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By Mike Pickford
Dufferin-Caledon MP David Tilson has this week followed his party's lead in condemning Prime Minister Justin Trudeau and the Liberal government over their handling of the Omar Khadr saga.
It was revealed last Wednesday (July 5) that Mr. Khadr would receive a $10.5 million settlement and an official apology from the Canadian government after it was alleged his rights as a Canadian citizen were abused during a ten-year imprisonment at Guantanamo Bay, which began when he was just 16 years of age. Mr. Tilson says that payout and subsequent apology is “unacceptable” considering Mr. Khadr's status as “a convicted terrorist.”
“Canadians from all across the country are rightfully appalled at this reported settlement,” Mr. Tilson stated in a release to media. “It is one thing to acknowledge alleged mistreatments; however, it is an entirely different thing to award a convicted terrorist who murdered an allied soldier and wounded another.”
In 2010, following eight-years' detention at Guantanamo Bay, Mr. Khadr pleaded guilty to the murder of U.S. Delta Forces Sergeant Christopher Speer after he allegedly admitted to having thrown a grenade during a firefight in Afghanistan in July 2002. The same blast is alleged to have maimed another American soldier, Layne Morris, who was blinded in one eye as a result of the battle. Mr. Khadr was just 15 at the time of the attack. Under a plea deal, he would serve at least one more year in Guantanamo Bay before any potential transfer into Canadian custody. He was eventually transferred in September 2012.
Mr. Khadr has claimed he was exposed to torture during his time at Guantanamo Bay and was pressured into admitting he killed Sgt. Speers. He has since adjusted his position, stating simply that he does not know whether he threw the fatal grenade, but hopes he didn't. During his time at Guantanamo Bay, he was interrogated by Canadian officials, which led to the Supreme Court of Canada ruling in 2008 that the government had acted illegally and contravened Mr. Khadr's rights under the Charter of Rights and Freedoms, a ruling they upheld in 2009.
In 2013, Mr. Khadr's lawyers filed a $20-million civil lawsuit against the Government of Canada, alleging it had conspired with the U.S. in abusing his rights. The suit remained unresolved until last Wednesday's announcement. Speaking to media at the conclusion of the G20 Summit in Hamburg, Germany last week, Prime Minister Trudeau defended the government's decision to apologize to Mr. Khadr.
“The Charter of Rights and Freedoms protects all Canadians. Every one of us, even when it is uncomfortable,” Prime Minister Trudeau said. “This is not about the detail or the merits of the Khadr case. When the government violates any Canadian's Charter rights we all end up paying for it.”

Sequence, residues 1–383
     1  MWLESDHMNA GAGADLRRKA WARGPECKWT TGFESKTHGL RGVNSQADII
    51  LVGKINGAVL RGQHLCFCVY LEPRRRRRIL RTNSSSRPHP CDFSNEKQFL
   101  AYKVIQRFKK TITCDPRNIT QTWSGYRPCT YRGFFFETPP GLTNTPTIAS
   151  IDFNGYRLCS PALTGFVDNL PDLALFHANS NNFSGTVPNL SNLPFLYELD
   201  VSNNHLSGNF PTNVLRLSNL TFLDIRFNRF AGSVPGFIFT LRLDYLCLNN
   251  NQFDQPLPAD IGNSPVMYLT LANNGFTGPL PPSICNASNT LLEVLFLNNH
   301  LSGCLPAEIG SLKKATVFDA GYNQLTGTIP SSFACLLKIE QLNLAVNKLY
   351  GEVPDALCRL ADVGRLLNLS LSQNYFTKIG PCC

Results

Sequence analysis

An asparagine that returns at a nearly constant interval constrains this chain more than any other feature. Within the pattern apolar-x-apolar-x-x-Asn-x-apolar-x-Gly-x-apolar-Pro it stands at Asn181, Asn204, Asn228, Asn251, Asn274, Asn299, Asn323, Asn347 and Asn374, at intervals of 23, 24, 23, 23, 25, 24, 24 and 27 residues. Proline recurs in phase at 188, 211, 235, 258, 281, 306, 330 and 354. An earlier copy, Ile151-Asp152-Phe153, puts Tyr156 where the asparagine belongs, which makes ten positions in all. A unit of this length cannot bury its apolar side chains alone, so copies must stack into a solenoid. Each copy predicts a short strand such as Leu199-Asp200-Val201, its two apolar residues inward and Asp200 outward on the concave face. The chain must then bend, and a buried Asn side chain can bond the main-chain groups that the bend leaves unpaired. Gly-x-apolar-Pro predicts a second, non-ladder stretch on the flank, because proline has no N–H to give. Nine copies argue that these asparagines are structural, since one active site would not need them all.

Mr. Tilson wasn't the only one outraged by the decision – his Conservative leader Andrew Scheer denounced the government for making “a convicted terrorist” one of the richest men in the country.
Additionally, a new poll released by the Angus Reid Institute this week revealed that more than two-thirds of Canadians feel Prime Minister Trudeau made the wrong decision in awarded the settlement to Mr. Khadr.
“Mr. Khadr's lawyer has argued Mr. Khadr suffered torture at the hands of the U.S. military and violated his human rights while he was detained at Guantanamo Bay and that the Canadian government was complicit. These allegations should be heard and addressed in the courts where this was taking place,” Mr. Tilson asserted.
Now that a decision has been made, Mr. Tilson, again repeating his party's position, called on Mr. Khadr to give any settlement money he may receive to Sgt. Speer's widow and two children. Tabitha Speer, alongside Layne Morris, were successful in a 2015 wrongful death and injury lawsuit against Mr. Khadr, where a Utah court awarded the duo $134 million (U.S.) in damages after Mr. Khadr, still then imprisoned, did not respond to the suit. The plaintiffs have filed an application to make the judgment enforceable in Canada and are asking the court to freeze Mr. Khadr's assets.
“When a Canadian soldier is killed or injured in battle, the government provides a lump sum payment up to a maximum of $360,000. Despite this, the current Liberal government is willing to provide $10.5 million to a convicted terrorist who actively sought to kill Canadian and allied soldiers,” Mr. Tilson said. “Such a settlement making a convicted terrorist one of the wealthiest men in Canada isn't acceptable to the Canadian taxpayer, not to our Canadian Values.”
He concluded, “Canadians deserve better from their government.”
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